(c) Whenever a dependent child of the juvenile court is placed by order of the court within the care and custody or under the supervision of a social worker of the county where the dependent child resides and it appears to the court that there is no parent, guardian, or person standing in loco parentis capable of authorizing or willing to authorize medical, surgical, dental, or other remedial care or treatment for the dependent child, the court may, after due notice to the parent, guardian, or person standing in loco parentis, if any, order that the social worker may authorize the medical, surgical, dental, or other remedial care for the dependent child, by licensed practitioners, as necessary.
(d) Whenever it appears that a child otherwise within subdivision (a), (b), or (c) requires immediate emergency medical, surgical, or other remedial care in an emergency situation, that care may be provided by a licensed physician and surgeon or, if the child needs dental care in an emergency situation, by a licensed dentist, without a court order and upon authorization of a social worker. The social worker shall make reasonable efforts to obtain the consent of, or to notify, the parent, guardian, or person standing in loco parentis prior to authorizing emergency medical, surgical, dental, or other remedial care. “Emergency situation,” for the purposes of this subdivision means a child requires immediate treatment for the alleviation of severe pain or an immediate diagnosis and treatment of an unforeseeable medical, surgical, dental, or other remedial condition or contagious disease which if not immediately diagnosed and treated, would lead to serious disability or death.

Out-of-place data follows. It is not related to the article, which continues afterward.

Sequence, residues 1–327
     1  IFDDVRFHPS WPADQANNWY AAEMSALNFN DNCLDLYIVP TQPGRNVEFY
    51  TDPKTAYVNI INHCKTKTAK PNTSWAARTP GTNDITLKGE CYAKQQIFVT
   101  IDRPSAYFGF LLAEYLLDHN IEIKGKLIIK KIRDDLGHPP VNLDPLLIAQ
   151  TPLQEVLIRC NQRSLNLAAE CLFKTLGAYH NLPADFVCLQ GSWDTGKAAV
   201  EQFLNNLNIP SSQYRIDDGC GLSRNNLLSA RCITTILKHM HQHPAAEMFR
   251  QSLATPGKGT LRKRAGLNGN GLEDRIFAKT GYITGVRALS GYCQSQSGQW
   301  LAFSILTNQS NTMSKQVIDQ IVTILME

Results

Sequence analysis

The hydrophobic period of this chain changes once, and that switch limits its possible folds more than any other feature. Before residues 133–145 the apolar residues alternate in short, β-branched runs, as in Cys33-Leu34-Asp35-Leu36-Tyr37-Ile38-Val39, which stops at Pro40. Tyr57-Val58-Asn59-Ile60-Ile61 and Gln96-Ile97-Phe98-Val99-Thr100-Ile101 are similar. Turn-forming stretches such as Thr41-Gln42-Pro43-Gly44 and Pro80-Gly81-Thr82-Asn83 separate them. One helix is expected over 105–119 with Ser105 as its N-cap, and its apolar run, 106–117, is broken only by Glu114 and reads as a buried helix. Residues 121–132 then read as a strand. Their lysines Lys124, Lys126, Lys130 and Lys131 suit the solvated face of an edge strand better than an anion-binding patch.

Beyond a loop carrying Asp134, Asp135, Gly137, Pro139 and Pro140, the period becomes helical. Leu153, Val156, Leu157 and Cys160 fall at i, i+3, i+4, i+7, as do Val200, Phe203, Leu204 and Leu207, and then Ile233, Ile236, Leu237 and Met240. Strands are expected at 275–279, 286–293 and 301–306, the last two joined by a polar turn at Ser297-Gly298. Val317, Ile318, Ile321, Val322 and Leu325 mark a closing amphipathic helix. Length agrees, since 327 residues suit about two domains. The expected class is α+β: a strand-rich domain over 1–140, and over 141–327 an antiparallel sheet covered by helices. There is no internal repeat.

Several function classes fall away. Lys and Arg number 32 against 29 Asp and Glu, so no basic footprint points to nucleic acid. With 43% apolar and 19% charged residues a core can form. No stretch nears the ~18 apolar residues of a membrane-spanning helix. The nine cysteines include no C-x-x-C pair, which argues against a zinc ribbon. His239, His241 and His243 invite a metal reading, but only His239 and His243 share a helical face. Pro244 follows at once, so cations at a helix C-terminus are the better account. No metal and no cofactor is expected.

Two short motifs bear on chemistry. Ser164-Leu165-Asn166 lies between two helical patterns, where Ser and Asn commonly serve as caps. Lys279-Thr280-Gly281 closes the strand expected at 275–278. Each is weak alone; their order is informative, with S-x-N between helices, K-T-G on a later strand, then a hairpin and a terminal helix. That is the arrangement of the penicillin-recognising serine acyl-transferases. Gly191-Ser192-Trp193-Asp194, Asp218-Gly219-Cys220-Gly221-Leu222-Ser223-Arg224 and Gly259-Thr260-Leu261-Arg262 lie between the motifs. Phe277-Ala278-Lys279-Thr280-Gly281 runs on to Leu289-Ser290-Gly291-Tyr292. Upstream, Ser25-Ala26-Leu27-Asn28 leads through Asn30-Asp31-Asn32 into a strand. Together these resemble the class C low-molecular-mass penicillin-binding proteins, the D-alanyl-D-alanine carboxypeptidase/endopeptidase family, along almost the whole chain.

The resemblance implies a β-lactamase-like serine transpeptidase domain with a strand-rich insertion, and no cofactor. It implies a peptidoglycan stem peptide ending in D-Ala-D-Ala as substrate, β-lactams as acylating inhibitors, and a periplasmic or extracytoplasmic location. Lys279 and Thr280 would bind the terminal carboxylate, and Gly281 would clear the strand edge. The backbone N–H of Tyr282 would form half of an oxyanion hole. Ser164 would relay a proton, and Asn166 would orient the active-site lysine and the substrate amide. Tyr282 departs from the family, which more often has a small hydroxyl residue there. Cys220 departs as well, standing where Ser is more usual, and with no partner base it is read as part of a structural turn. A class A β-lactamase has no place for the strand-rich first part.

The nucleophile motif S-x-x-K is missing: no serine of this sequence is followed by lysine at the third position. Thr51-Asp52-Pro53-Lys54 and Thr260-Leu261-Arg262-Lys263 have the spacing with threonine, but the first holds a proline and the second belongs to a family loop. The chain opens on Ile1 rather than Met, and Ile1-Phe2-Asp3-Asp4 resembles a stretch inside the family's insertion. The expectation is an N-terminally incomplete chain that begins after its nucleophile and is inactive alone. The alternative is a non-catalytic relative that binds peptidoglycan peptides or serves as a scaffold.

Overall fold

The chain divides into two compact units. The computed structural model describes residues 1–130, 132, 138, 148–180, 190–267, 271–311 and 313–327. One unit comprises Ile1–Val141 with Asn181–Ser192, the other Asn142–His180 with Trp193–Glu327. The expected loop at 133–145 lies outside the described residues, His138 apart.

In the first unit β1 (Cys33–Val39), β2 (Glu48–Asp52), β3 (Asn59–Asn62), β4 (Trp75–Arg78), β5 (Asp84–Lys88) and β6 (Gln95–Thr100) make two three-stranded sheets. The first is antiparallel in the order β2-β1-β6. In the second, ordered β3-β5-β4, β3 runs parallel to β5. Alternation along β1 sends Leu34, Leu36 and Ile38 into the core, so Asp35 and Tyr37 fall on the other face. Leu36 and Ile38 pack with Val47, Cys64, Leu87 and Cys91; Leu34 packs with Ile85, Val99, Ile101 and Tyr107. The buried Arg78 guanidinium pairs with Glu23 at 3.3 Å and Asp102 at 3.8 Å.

(e) In any case in which the court orders the performance of any medical, surgical, dental, or other remedial care pursuant to this section, the court may also make an order authorizing the release of information concerning that care to social workers, parole officers, or any other qualified individuals or agencies caring for or acting in the interest and welfare of the child under order, commitment, or approval of the court.
(f) Nothing in this section shall be construed as limiting the right of a parent, guardian, or person standing in loco parentis, who has not been deprived of the custody or control of the child by order of the court, in providing any medical, surgical, dental, or other remedial treatment recognized or permitted under the laws of this state.
(g) The parent of a person described in this section may authorize the performance of medical, surgical, dental, or other remedial care provided for in this section notwithstanding his or her age or marital status. In nonemergency situations, the parent authorizing the care shall notify the other parent prior to the administration of that care.
(h) Nothing in this section shall be construed as limiting the rights of dependent children, pursuant to Chapter 3 (commencing with Section 6920) of Part 4 of Division 11 of the Family Code, to consent to, among other things, the diagnosis and treatment of sexual assault, medical care relating to the prevention or treatment of pregnancy, including contraception, abortion, and prenatal care, treatment of infectious, contagious, or communicable diseases, mental health treatment, and treatment for alcohol and drug abuse. If a dependent child is 12 years of age or older, his or her social worker is authorized to inform the child of his or her right as a minor to consent to and receive those health services, as necessary. Social workers are authorized to provide dependent children access to age-appropriate, medically accurate information about sexual development, reproductive health, and prevention of unplanned pregnancies and sexually transmitted infections.

SEC. 2.

 Section 16001.9 of the Welfare and Institutions Code is amended to read:

16001.9.